As I sit thinking of what could have been, a group of crows harassing a hawk provoked the first cold shoulder gobbler into hammering out a gobble. He was now a couple hundred yards away, overcoming the anxiety of a boss gobbler in the area he gobbled once more, then again. He was obviously now strutting on an old logging road behind me. I gave another soft yelp and he responded. This correspondence of calls lasted 15 minutes with neither of us budging. With the situation not evolving I abandoned my favorite tactic of passive and sparingly calling and I threw out a hard cut to the locked up gobbler. He responded with a gobble, then another, and the second gobble was much closer. I gave one more loud cut with the same eagerness to hear a response. I readied the gun. I knew he was committed and within minutes a white head appeared. He was coming closer but attempting to swing in behind me. As I followed him with a bead drawn the increasing extreme angle to my left continued to pull the gun off my shoulder onto my bicep. As he stopped to look for his lady, I was well aware of the whollop that "mule" packs even in the midst of the excitement. Knowing unavoidable immense pain was in my immediate future as I squeezed off, the 2 year old gobbler flopped at the kaboom and I scrambled to my feet. I felt blood dripping from my nose, but no time for minor issues like loss of blood because the battered gobbler was attempting to regain his feet...and I was too! As he stumbled to his feet to make 3 or 4 more steps a second round from the mule out ran him to seal the deal. 13#, 9.5" beard and 1/2" spurs. (Those deep river swamp birds seem to weigh on average 4-5lbs less than field birds and even Piedmont birds).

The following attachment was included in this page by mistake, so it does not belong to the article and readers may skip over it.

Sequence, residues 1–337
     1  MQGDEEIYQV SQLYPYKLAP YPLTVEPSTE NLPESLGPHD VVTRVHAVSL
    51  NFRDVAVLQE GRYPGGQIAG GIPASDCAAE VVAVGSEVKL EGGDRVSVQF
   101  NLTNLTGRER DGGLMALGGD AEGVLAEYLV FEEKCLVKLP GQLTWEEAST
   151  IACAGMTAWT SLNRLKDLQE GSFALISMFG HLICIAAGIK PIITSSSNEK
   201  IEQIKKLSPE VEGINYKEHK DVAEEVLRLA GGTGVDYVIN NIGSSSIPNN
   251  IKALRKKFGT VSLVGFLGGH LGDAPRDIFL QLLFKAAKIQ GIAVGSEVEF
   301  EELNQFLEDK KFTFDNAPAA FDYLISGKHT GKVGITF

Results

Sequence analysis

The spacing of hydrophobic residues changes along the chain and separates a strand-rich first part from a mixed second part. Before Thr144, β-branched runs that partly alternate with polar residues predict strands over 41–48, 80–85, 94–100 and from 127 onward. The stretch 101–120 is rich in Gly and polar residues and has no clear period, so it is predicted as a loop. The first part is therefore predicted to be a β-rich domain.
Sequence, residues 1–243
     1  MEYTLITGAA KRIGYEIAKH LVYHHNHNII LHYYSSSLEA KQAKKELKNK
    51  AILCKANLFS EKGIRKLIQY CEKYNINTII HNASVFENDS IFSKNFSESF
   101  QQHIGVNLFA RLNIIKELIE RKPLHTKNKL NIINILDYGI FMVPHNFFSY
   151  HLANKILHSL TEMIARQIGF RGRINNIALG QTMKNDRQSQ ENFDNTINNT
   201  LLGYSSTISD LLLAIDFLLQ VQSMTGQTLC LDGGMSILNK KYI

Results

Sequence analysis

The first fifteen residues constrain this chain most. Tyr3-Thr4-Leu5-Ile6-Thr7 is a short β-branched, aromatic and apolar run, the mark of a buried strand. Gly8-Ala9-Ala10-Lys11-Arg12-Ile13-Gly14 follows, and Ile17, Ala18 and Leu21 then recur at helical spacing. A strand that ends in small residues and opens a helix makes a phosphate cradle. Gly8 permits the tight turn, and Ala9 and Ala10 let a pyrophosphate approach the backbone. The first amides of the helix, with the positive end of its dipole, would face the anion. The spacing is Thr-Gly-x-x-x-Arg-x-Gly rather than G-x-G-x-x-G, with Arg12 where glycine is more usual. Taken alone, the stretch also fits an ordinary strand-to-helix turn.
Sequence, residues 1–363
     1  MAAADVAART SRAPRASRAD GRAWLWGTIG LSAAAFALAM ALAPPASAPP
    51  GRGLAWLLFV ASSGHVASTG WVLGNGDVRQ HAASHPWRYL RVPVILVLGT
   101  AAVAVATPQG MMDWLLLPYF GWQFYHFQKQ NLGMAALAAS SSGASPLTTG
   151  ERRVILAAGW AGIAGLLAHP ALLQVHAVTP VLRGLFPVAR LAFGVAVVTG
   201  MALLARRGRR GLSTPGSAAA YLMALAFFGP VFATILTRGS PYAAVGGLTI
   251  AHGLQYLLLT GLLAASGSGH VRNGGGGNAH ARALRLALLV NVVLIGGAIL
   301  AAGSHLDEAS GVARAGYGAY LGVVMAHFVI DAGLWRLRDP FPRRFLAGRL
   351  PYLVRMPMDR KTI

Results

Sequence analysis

WeHuntSC.com - Andy Belk's 1st Turkey
But the story continues.......
After breasting out the first turkey, there was no need to head home so early. It seemed as many of the hens were nesting and the boys were out looking for love so I headed to one of prettiest river flats in SC. This area is a favorite hangout for turkeys and hunters. Waking slow and deliberately, I allowed the live crows the due diligence of locating turkeys as not to "bugger up" turkeys by blind calling in a location fellow club members will certainly hunt later on.  However, 300 yards from the river I decided to toss out just one yelp since the pesky crows were drawing very little attention from any nearby toms.  I was answered by a turkey across the slough about 400-500 yards east, right where I began my search for a love sick gobbler.  As I rapidly moved back up the slough, the crows keep the gobblers pinpointed.  All they needed was a little sweet talk to overcome their case of late morning lockjaw. There was no way to avoid wading across the slough with snake boots that lost the waterproofing many miles ago.  A little murky water and wet feet was certainly not a valid reason to miss out on a chance for another Pee Dee gobbler.